This is a critical article to read if you have a strong desire to be a real estate investor, but do not have any savings or income to operate on a conventional playing field. Remember that to get a loan from a lender, all you need is cash OR credit. Thus, if you have some money in the bank, or a 401(k) with some money, lenders will loan you money even with poor to marginal credit. If you have excellent credit, you can get a loan with no money in the bank. Thus, you only need credit OR cash to get loans. Remember that after your first deal, you will have filled that requirement, as you will have cash. (Don't blow that first $30,000 in a BMW!) The hard part is learning how to do that first deal, and we teach you multiple ways to attack that problem that avoid making embarrassing or confusing offers.
If you have neither credit nor cash, and still want to operate on a conventional playing field where you get loans for properties and pay all cash with no “crazy” no money down TV seminar type offers, I have great news for you — Hard money lenders. Most hard money lenders could care less about you or your credit. They look to the property as their security. If you don't pay on the loan, they know that they can turn around and sell the property for enough to get their money out. We go into more details on this in the full course. We will give you a system to track these lenders down in your town in our Full Course, will loan based on the property. If you strike a good deal, they will loan 65% of the value of the property in renovated condition.
Thus, if you find a home that is worth $100,000 fixed up, and you can buy it for $60,000, the lender will give you 65% of the fixed up value of the home, or $65,000. $60,000 of that will get you into the property for no money down, and the extra $5,000 can be used for closing costs and/or repairs. You can then flip this property to another investor for cash, or rehab it yourself for maximum profits. The great thing about these loans is that you can typically close within 7 days. The only drawback is higher fees, but let's face it, a few extra points on the loan to close is still cheaper than having a partner.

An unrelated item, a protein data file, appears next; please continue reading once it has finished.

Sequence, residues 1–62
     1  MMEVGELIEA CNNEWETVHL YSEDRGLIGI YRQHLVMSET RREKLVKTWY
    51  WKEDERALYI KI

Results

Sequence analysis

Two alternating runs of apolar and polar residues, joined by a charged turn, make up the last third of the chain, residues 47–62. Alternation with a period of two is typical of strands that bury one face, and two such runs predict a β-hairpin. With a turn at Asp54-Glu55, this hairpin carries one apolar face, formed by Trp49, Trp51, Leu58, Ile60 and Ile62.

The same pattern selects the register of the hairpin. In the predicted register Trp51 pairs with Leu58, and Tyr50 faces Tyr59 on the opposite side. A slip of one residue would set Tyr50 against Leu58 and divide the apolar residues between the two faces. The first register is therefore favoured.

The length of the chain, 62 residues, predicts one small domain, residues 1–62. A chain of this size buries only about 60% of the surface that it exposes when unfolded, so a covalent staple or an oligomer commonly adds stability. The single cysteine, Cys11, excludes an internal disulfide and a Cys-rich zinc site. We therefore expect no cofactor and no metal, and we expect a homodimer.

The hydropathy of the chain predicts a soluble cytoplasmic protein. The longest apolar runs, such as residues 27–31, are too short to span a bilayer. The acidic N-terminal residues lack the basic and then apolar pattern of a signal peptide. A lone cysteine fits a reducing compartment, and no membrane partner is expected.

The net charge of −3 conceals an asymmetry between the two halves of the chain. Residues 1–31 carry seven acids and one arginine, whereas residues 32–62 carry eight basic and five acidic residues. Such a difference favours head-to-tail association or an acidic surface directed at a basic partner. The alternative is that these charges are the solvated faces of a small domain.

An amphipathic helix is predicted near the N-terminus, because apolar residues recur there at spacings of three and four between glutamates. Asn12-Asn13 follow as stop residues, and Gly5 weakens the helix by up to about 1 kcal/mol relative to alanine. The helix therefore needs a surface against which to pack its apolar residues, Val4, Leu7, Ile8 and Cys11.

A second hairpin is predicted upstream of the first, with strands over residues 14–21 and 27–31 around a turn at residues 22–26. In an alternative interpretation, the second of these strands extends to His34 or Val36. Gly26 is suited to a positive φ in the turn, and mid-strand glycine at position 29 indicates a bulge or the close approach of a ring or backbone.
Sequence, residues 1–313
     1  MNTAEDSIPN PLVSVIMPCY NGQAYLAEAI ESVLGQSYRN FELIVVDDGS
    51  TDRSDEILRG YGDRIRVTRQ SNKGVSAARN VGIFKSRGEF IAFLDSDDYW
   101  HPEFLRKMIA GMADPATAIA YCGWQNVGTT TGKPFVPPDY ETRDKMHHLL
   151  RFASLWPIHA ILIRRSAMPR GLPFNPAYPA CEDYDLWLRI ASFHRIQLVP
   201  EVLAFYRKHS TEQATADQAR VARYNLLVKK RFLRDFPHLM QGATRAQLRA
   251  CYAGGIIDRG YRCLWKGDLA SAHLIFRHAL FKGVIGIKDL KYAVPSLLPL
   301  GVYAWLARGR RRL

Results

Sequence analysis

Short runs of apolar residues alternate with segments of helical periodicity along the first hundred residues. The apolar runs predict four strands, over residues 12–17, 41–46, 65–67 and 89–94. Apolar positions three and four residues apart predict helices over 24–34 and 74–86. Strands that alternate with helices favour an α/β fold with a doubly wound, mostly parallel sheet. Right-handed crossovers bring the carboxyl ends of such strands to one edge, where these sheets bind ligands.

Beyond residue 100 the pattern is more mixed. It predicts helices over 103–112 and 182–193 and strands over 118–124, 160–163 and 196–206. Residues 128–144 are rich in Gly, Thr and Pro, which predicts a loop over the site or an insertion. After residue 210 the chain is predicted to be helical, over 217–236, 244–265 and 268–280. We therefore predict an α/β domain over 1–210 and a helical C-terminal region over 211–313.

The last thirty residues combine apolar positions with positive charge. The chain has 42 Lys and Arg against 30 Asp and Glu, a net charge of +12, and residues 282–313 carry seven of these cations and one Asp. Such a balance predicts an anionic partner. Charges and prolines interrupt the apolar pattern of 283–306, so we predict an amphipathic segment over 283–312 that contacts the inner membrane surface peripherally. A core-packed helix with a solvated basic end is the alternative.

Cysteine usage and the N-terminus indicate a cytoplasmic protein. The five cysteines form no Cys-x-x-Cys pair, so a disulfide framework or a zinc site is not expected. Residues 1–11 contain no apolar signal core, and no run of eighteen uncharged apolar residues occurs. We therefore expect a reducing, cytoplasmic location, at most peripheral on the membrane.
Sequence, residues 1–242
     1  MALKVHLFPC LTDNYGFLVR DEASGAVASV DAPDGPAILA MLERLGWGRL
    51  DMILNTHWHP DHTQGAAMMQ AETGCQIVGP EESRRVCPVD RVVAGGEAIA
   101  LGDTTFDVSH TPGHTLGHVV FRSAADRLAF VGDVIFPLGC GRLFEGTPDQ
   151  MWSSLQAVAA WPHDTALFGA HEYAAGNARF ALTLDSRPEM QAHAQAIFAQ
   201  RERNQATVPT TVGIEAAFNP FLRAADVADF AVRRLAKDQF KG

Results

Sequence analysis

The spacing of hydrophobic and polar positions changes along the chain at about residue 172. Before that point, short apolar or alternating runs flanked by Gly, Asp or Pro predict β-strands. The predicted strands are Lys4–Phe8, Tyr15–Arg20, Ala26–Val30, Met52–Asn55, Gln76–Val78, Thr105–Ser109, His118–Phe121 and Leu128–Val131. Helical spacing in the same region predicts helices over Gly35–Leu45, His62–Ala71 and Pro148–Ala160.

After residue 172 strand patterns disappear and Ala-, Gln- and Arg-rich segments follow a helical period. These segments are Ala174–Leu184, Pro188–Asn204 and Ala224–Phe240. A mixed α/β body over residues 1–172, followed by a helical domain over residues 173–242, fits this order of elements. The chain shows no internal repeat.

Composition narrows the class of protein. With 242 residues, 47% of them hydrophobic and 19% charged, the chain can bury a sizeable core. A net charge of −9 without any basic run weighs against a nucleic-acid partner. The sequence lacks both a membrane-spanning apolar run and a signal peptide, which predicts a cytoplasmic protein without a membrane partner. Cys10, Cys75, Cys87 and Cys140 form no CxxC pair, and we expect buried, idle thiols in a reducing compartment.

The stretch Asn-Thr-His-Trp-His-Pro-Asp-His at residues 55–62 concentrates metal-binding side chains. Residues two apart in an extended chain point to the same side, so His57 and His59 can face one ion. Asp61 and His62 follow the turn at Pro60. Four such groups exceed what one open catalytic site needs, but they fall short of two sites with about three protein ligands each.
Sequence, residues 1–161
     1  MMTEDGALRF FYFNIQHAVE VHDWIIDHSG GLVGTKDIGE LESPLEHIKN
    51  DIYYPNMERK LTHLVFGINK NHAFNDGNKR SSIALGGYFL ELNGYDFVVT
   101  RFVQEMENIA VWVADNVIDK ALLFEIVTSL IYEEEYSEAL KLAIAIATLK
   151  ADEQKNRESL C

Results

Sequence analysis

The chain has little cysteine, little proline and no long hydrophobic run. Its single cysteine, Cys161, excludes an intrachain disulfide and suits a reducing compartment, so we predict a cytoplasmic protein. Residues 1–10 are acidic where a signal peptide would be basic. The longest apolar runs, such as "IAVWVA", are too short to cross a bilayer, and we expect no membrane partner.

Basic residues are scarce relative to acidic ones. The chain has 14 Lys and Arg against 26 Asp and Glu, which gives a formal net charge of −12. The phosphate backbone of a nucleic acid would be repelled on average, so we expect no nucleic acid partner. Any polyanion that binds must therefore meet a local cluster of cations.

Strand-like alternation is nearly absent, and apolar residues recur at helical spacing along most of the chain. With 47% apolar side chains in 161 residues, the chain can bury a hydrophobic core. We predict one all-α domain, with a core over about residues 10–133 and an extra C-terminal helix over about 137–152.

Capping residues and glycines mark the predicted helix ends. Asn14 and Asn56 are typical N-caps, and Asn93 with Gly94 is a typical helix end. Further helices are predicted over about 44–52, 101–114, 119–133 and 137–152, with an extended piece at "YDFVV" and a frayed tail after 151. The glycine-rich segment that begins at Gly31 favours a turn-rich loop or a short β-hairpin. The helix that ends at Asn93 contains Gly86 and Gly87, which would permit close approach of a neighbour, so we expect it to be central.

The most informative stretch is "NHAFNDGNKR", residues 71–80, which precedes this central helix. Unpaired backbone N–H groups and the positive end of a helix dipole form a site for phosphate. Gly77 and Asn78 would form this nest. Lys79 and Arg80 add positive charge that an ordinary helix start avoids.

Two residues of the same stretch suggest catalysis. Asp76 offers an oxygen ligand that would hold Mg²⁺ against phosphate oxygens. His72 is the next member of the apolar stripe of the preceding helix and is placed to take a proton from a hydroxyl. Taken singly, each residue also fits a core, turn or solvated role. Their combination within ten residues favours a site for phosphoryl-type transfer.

I started with nothing and leveraged credit cards to get into my first house, so starting with nothing is something that I know about personally.
A point on flipping: We have received questions from students as to whether or not flipping is illegal. It is not. What IS illegal is taking a property, getting false appraisals through corrupt appraisers, and over-financing the property with corrupt lenders. Once the property has had tons of cash pulled out, the corrupt group would then walk away and pocket the money. The lender would be left holding the bag. That is not what we are about. Owning a property for a short amount of time and reselling is completely legal, and the basis on which this economy is built. There is nothing wrong with owning something for a brief period, using your skills to find a buyer, and reselling that property. People do this every day in the stock market. Car dealers do it every day with cars that they buy and immediately wholesale. The word flipping has attached to the illegal activities that you have probably read about in your local papers, but owning for a short time, is not and never has been illegal.
The only problem that you will have is convincing the appraiser that the property you bought last week for $100,000 is now worth $130,000. In a worst case scenario, your buyer's lender may require several appraisals to verify the increased value.